136
the rumors were that the large ampere die size on samsung's 8nm(but really 10nm) is making for terrible yields. when you cant get that many good dies per wafer the production rate suffers. also if samsung did offer a pay per good die contract to nv(vs a typical pay per wafer), then they have no incentive to crank up production until they figure out the process issues.
If Nvidia launched anyway, in spite of production problems, can we say it's a launch or a reveal of coming attractions?
 

Mopetar

Diamond Member
Jan 31, 2011
5,956
2,770
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It's still a launch even if it's kind of a crummy one. There are people who have the cards in hand and you can go buy one yourself if you can find it in stock.

I also don't think AMD releasing cards will help much. There are a lot of dyed in the wool NVidia fans that won't get anything else and if the releases info about preorders taken vs. fulfilled are accurate and generalizable the there are a lot of people who'd need to cancel their order for the supply/demand to balance out.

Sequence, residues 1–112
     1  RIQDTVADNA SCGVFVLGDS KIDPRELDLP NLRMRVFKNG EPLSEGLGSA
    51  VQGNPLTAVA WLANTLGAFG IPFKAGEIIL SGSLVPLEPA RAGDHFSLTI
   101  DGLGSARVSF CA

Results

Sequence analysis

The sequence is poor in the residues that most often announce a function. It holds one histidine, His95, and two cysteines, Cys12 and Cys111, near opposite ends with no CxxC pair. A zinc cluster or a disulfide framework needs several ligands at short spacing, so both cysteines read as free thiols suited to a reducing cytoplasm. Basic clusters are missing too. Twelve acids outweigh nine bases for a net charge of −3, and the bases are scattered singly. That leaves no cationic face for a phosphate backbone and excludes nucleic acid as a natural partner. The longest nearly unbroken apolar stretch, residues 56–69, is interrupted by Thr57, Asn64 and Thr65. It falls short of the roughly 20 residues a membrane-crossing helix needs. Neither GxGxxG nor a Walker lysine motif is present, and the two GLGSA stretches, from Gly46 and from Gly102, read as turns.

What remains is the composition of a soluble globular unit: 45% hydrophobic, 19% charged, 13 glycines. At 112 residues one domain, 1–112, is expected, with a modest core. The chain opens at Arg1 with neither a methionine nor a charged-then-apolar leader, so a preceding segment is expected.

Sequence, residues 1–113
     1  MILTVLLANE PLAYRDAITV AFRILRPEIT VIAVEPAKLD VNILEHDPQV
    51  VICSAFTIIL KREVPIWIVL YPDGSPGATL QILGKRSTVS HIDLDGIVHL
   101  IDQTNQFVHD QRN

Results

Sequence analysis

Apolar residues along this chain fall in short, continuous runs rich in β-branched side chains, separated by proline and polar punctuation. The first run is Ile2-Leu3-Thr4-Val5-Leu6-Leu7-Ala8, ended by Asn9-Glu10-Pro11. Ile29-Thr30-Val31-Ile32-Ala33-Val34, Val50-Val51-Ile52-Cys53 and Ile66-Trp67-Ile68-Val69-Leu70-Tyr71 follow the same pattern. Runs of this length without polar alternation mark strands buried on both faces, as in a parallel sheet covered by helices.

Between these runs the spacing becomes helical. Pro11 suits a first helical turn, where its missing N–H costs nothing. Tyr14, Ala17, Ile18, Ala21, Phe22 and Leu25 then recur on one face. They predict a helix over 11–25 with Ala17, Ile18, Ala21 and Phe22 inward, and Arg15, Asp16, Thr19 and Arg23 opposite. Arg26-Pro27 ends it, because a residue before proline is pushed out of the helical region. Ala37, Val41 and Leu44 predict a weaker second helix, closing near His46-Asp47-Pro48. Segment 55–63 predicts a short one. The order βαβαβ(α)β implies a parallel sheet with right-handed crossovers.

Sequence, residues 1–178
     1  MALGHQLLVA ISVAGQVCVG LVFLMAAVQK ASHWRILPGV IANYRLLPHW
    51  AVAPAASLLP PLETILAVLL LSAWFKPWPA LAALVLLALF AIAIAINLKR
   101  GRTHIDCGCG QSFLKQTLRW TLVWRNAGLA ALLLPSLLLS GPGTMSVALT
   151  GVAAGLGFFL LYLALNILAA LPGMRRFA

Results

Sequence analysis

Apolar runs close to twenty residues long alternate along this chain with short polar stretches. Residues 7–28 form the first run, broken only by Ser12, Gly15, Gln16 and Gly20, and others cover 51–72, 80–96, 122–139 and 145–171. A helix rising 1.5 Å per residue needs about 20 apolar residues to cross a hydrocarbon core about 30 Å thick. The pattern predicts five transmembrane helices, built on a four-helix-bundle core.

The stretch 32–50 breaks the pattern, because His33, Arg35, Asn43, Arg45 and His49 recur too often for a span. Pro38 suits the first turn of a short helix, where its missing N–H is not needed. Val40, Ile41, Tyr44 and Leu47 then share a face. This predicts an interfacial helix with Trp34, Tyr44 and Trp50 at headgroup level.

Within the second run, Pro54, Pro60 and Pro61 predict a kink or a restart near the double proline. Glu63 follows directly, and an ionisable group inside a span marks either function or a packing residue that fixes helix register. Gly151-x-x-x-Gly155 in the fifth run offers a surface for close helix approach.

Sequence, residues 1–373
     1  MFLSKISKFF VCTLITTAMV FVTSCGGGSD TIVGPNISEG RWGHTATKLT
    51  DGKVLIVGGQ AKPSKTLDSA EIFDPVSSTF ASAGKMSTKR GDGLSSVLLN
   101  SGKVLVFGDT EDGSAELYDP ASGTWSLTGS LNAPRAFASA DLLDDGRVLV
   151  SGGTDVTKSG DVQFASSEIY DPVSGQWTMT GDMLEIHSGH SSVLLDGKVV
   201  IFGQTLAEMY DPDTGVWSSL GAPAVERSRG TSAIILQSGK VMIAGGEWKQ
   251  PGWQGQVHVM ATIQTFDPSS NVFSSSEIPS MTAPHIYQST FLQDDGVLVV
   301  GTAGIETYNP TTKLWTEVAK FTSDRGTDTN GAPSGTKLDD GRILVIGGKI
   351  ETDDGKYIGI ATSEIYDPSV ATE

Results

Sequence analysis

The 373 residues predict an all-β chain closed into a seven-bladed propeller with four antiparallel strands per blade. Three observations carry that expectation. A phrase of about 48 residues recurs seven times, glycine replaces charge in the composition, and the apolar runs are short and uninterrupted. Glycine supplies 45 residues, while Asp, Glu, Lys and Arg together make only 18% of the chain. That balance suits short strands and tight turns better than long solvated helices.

I recall reading somewhere that the node NVidia is using has been customized for them. To what degree that's true or how much of a customization it represents I'm not sure of, but perhaps that could explain the shortages if Samsung is still in the process of bringing more of that online themselves.
 

gorobei

Diamond Member
Jan 7, 2007
3,187
332
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If Nvidia launched anyway, in spite of production problems, can we say it's a launch or a reveal of coming attractions?
typically everyone schedules 6 months of production time to build up stock for a new release. but if you have issues like intel pushing the schedule back 6 mo, you claim there wont be a delay by releasing without the 6 mo of stockpile time. no one can buy it but legally you released on time so stock owners cant complain.